Home Business NewsBusiness Steve Holliday: How to inspire the young to study science, technology, engineering and maths

Steve Holliday: How to inspire the young to study science, technology, engineering and maths

16th Apr 14 8:31 am

The CEO of National Grid tackles skills gaps

My key idea: 

People are too quick to sit back and blame education for the fact children aren’t leaving school with the skills that industry needs. But how can we expect the education system to know what we need, or young people know where the jobs are, if we don’t engage with them? I believe the answer lies in good-quality careers education that sees businesses working in schools, side-by-side with teachers, engaging and inspiring youngsters to think about their future.

Business, more often than not, is all about supply and demand. Whether you’re in banking, retail or leisure, it’s ultimately about getting people to want the things you have. At National Grid we don’t generate electricity or gas and we don’t supply it to customers, but as system operator we have a role at the heart of the process, balancing the networks and ensuring people have access to safe and sustainable energy when they need it. Supply and demand.

As chair of the Talent and Skills Committee for Business in the Community, and CEO of a FTSE 100 company, the talent pipeline is something I’m greatly concerned about. In the UK, we need 87,000 people annually to meet the needs of the engineering sector, yet only 51,000 are currently joining the profession. Supply is not meeting demand.

Perversely, we have over a million unemployed people aged 18-24. Talent is out there, but we’re not shaping it, moulding it, harnessing it. Research shows that 58% of new jobs created between now and 2017 will require science, technology, engineering and maths (STEM) skills. Yet fewer than 10% of A-level students are studying physics, a critical subject for engineering companies like National Grid. We’re essentially educating our young people out of jobs.

If we are going to address the skills gaps of tomorrow, we need to get involved with education earlier. Ask a room of primary school children what they want to be when they grow up and you’ll hear things like “vet”, “astronaut”, super-hero”. Where does this come from? It comes from the stories they read, the programmes they watch, the people around them. This is why National Grid’s School Power programme works in primary schools, because no age is too young to inspire people into STEM.

Follow us on LinkedIn

I think the key is careers education. We have a role to engage and inspire our young people – and their parents – before they make important educational choices. National Grid, together with businesses such as HS2, Costain and Capgemini, is doing just that through Careers Lab. This careers education programme, which we’re currently piloting with 2,000 children, is designed to start at age 11, long before careers choices are made. Careers Lab is different because the businesses are in the classroom working side-by-side with the teachers. Business ambassadors are sharing their careers journeys and bringing the exciting possibilities in the world of work alive. More importantly, we’re moulding our possible future chief executives and entrepreneurs. We’re actively involved in reducing the skills gap, not standing on the sidelines blaming someone else.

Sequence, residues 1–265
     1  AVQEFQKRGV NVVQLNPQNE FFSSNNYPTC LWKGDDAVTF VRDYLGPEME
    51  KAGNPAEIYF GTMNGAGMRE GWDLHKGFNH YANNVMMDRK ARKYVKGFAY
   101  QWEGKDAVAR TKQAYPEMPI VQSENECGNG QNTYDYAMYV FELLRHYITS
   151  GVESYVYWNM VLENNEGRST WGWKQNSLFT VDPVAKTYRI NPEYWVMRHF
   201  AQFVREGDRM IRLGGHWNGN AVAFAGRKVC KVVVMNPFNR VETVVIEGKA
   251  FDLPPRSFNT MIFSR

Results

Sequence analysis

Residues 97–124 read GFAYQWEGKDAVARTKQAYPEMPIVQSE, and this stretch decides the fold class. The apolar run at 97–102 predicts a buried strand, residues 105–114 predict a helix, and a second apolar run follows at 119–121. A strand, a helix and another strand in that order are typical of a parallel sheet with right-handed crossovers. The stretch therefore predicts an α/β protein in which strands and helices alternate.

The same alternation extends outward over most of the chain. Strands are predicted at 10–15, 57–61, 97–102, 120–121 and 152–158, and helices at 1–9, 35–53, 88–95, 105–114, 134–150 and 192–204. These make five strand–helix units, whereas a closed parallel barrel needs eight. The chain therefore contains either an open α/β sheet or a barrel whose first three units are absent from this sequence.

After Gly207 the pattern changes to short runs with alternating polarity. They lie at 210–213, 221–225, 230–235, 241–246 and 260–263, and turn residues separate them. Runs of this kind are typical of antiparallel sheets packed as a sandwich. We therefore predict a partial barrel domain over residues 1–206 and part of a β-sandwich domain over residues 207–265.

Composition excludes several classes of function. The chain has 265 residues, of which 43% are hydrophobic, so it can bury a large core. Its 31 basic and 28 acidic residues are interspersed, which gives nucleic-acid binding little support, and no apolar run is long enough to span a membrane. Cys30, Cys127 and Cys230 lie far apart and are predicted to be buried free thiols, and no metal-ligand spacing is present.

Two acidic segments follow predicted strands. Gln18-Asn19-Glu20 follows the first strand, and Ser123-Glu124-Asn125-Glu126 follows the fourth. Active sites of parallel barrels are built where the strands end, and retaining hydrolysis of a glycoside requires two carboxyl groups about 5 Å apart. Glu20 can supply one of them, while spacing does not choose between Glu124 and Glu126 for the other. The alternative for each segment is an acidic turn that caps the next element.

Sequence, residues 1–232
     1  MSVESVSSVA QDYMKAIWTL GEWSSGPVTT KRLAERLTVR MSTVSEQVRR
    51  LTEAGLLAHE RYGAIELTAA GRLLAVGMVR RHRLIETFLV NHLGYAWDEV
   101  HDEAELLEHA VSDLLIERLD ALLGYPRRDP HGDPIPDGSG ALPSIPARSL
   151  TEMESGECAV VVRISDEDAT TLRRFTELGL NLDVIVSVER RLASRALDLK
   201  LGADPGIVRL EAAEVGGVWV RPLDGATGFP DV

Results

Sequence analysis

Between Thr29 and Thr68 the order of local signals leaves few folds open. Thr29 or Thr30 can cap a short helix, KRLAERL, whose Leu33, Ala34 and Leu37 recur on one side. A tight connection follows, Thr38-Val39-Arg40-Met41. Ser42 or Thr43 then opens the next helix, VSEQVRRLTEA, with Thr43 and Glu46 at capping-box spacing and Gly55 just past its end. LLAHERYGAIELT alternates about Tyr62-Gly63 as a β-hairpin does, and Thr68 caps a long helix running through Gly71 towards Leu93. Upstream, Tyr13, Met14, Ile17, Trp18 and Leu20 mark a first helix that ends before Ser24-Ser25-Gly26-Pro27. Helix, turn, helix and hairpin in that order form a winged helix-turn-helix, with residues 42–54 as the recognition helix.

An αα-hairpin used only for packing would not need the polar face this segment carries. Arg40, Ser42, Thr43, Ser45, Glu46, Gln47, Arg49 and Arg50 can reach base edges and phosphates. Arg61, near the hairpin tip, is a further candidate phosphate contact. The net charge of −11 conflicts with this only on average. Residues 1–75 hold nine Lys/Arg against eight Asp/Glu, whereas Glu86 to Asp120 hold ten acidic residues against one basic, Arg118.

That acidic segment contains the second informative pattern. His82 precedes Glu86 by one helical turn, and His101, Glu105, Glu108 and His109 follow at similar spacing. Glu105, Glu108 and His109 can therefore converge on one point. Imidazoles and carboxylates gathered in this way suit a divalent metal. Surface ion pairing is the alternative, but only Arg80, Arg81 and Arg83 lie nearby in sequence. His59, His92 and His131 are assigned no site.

It doesn’t stop there. We need to change the perception of vocational education and help shape those programmes by partnering with colleges and universities or by developing our own programmes. We also need to make sure that talented people aren’t lost to unemployment.

Business in the Community’s Generation Talent initiative asks business to look at its processes and make sure it’s not disadvantaging young unemployed people. Movement to Work, with The Prince’s Trust, provides access to valuable work experience.

And for those who say, “We have no roles for unskilled people or low-educated people in our business,” I offer this challenge: what about your supply chain? What are you doing to encourage those you procure from to tap into the talented pool of people currently looking for work?

Britain’s strength isn’t in its infrastructure, its political structure, or its financial markets. It’s in the people behind those things, delivering the successes. If we’re going to secure its continued growth then we need closer links between business and education.

Read Securing Britain’s Growth online now:
London business leaders tackle boosting enterprise, nurturing talent, growing exports, driving digital and securing growth in key industry sectors

Our securing Britain series:



Leave a Comment


Sign up to our daily news alerts

[ms-form id=1]